A Season of Daring Greatly is out today!

Buy
Amazon | Barnes & Noble | The Book Depository

Comments

You Might Also Like

In the Beginning, or the First Ten Books I Reviewed on the Blog

Top Ten Tuesday is a bookish feature hosted at That Artsy Reader Girl
It's been awhile, but this topic was too good to pass up. When I thought about it, I genuinely could not recall which were the first ten books I actually reviewed here on the blog. So then, of course, I had to know. The thing is, I originally started the whole thing simply posting a once a month list of my favorite reads and rereads of the month. That went on for some time until lo and behold I went ahead and wrote and posted my first review on November 9, 2007. In hindsight, I probably should have known exactly which book pushed me over the edge into full fledged reviews. So this was a rather delightful journey back in time. Do you remember the first book you ever reviewed (in any forum) or what made you take the plunge? Here are my first ten (and I have to say, looking at this snapshot from the past, these remain some of my absolute favorite authors and a pretty spot-on array of the genres I read and love tod…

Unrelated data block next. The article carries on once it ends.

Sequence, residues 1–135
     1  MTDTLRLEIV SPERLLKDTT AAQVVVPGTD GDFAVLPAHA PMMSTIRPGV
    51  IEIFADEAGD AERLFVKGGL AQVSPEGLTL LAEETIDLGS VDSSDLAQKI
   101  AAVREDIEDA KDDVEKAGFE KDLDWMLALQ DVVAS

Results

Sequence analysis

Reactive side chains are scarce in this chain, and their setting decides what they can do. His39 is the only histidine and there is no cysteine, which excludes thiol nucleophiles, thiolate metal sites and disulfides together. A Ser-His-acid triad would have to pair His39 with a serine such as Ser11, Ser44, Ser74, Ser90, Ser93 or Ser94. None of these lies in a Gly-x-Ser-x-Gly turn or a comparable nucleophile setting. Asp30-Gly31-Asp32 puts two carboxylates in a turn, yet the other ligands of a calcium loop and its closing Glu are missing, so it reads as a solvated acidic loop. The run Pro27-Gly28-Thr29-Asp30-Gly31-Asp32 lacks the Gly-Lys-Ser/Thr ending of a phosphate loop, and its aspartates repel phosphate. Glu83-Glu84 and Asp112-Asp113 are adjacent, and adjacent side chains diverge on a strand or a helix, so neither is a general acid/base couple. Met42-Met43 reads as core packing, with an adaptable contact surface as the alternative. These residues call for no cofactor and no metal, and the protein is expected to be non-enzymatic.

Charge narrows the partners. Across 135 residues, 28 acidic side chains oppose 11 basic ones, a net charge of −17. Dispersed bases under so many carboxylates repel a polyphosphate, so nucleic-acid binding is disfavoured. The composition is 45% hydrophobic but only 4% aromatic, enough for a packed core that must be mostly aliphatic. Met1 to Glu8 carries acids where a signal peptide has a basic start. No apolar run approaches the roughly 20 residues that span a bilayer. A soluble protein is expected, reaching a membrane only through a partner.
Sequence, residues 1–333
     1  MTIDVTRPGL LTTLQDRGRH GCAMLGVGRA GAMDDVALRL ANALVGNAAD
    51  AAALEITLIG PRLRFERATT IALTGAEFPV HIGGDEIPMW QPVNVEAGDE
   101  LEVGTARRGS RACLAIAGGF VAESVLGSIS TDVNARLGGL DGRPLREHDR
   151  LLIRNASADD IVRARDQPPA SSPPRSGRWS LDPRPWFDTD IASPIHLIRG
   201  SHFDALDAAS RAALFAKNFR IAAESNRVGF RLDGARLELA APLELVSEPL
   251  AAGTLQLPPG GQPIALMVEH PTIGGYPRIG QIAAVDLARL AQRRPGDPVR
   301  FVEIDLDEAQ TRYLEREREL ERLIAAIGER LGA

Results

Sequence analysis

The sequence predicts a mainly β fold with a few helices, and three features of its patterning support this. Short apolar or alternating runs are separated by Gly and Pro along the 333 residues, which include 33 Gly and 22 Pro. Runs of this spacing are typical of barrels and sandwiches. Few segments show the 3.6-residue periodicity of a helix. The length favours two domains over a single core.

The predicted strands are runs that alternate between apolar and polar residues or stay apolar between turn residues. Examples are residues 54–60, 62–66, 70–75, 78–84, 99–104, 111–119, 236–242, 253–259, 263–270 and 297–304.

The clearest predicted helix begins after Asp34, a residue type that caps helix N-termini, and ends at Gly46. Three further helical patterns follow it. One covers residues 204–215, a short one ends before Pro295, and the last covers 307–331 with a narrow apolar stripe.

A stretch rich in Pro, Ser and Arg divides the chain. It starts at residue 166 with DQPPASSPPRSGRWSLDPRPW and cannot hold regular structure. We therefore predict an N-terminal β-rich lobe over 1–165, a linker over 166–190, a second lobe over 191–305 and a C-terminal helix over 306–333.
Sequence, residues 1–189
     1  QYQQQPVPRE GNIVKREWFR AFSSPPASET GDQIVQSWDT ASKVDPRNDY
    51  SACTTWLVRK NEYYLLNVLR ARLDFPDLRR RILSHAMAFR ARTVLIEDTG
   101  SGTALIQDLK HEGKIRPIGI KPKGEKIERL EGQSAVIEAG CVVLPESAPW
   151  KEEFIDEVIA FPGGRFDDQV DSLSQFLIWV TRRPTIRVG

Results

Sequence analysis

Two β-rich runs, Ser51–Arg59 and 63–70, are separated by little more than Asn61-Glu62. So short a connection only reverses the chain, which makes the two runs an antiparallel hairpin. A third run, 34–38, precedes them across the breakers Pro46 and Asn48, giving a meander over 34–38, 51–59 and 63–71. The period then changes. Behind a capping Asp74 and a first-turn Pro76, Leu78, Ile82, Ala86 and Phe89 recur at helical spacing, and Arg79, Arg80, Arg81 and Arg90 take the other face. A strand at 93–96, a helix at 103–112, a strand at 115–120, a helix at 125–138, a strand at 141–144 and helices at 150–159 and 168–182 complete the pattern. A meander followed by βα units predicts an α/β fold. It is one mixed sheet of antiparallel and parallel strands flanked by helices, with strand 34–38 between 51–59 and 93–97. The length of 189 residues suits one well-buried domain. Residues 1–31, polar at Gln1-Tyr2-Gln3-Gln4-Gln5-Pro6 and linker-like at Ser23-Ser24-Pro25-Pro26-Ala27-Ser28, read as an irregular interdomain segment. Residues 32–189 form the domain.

Angie's Little Free Library

I've wanted to post about this for the last while, but . . . life. Ever since we took a family trip a few years ago and ran across one of these Little Free Libraries somewhere in the wilds of Colorado, I've dreamed of putting one up in our yard and filling it with all the books. Since I am a serial book collector, it seemed as though it wouldn't be a hardship keeping one stocked. I can't even imagine the various ways my head would have exploded as a kid if I'd stumbled across one of these in any of the many neighborhoods where we lived when I was growing up. I would have absolutely haunted it.